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GIRN v. to complain peevishly


The above meaning of the word ‘girn’ now is the most common and the one known to most Scots speakers and there are many examples in the Scottish National Dictionary, as in the following from Ian Rankin in Strip Jack:


“Edinburgh, of course, was full of them, just as it was full of hills, biting winds, and people who liked to girn about things like hills and stairs and the wind ...” [1992].


It is also frequently used of querulous children.

The original meaning, however, was ‘to snarl or grimace or gnash the teeth in rage or disapproval’ and was still in use by Alex John Williamson, a member of the Travelling community, as late as 1996 and recorded by Timothy Neat in The Summer Walkers: Travelling People and Pearl-Fishers in the Highlands of Scotland:


“Once he was working in his crofthouse when the door opened and a sea-otter came in. And it stood there girning, showing it’s [sic] teeth.”


Being a Traveller tale this of course was no ordinary otter but a little girl who has the power to change shape!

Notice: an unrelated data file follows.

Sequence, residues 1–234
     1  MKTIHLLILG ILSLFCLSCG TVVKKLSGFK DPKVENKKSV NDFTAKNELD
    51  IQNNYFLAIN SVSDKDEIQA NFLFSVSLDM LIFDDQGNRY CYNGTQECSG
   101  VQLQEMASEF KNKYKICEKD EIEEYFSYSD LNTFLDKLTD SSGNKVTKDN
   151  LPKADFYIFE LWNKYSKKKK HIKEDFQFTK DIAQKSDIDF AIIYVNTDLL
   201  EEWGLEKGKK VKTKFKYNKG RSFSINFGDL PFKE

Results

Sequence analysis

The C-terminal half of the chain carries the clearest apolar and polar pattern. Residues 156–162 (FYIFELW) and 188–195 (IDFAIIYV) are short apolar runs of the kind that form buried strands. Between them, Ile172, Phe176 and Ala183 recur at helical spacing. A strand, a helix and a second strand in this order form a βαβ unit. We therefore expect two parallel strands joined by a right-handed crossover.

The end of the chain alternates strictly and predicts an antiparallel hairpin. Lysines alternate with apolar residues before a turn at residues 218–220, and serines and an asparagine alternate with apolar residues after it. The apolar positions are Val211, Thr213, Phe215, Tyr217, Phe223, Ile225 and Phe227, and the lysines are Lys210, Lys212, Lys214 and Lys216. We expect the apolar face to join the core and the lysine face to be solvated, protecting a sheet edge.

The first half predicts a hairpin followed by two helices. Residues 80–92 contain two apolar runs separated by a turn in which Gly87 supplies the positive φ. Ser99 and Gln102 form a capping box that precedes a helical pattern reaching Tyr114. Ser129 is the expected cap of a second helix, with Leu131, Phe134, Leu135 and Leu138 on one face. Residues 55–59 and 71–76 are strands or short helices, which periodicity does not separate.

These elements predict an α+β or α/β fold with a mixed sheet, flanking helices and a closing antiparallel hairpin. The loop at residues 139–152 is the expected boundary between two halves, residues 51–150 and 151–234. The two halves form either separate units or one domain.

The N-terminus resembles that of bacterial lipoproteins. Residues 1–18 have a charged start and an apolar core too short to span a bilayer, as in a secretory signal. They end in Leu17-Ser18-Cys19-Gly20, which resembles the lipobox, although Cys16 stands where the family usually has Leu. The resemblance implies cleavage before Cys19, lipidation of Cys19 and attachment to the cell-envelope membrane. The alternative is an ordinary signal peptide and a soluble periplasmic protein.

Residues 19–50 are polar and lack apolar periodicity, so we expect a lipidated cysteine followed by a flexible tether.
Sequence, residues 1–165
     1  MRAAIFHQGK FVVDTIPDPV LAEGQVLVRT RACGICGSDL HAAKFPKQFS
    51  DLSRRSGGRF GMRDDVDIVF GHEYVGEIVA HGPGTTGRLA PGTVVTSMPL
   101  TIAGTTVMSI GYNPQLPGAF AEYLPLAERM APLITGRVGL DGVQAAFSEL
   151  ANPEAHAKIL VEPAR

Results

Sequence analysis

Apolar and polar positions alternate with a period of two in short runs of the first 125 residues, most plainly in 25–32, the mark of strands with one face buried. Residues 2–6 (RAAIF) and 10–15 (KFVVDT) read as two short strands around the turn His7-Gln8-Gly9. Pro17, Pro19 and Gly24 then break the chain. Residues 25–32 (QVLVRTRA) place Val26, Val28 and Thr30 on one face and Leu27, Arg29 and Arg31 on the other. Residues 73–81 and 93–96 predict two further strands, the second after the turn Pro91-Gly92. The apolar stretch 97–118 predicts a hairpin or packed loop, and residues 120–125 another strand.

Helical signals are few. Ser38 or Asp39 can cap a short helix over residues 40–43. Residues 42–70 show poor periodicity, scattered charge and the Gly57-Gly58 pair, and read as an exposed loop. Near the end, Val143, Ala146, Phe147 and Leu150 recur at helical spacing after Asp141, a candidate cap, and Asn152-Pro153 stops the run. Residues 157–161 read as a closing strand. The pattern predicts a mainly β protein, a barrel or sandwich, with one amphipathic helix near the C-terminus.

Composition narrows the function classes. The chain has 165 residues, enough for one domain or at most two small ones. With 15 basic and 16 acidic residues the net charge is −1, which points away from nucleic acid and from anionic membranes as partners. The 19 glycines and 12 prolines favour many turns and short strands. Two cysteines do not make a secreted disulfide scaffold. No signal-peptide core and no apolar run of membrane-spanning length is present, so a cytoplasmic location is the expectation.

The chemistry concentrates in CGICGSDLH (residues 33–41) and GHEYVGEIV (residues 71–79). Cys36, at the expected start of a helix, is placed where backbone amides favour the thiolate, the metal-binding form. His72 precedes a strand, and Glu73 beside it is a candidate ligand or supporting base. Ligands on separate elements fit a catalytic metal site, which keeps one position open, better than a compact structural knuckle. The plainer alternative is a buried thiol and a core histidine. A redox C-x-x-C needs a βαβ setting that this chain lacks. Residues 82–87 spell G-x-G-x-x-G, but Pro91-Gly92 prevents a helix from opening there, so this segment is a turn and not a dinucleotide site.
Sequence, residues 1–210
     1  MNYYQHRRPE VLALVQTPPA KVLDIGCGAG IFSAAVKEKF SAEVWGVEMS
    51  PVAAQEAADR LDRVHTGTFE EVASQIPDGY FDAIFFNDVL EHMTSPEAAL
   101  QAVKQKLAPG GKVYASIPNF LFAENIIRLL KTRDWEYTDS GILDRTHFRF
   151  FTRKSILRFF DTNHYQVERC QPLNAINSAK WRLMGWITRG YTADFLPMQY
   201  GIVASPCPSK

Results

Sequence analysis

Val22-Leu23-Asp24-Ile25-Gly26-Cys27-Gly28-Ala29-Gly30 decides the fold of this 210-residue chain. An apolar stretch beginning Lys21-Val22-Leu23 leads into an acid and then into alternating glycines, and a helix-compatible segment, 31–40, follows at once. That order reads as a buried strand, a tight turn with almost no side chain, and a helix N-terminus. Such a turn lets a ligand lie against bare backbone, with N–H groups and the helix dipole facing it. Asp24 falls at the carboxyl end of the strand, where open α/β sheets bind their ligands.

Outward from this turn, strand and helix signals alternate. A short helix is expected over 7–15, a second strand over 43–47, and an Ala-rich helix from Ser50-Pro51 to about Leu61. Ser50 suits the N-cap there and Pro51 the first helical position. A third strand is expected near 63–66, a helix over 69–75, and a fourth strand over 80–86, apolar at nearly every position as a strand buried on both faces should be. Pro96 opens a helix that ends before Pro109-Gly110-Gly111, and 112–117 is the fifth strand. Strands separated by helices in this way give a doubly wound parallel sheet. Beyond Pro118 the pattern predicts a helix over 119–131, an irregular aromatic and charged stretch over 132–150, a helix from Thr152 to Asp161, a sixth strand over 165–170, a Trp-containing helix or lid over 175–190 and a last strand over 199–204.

Girning with complaint was not always confined to people but can also be used figuratively as in this rather bitter example from Allan Ramsay in The Gentle Shepherd [1725]:


“What suggar’d Words frae Woer’s Lips can fa’! But girning Marriage comes and ends them a’.”


Girn is a variant from the original English to ‘grin’ as in this definition given by the Oxford English Dictionary:


“Of persons or animals: To draw back the lips and display the teeth”.


It derives from Old English grennian ‘bare the teeth in pain or anger’ which is Germanic in origin.

This Scots Word of the Week was written by Pauline Cairns Speitel of Scottish Language Dictionaries

First published 18th May 2015.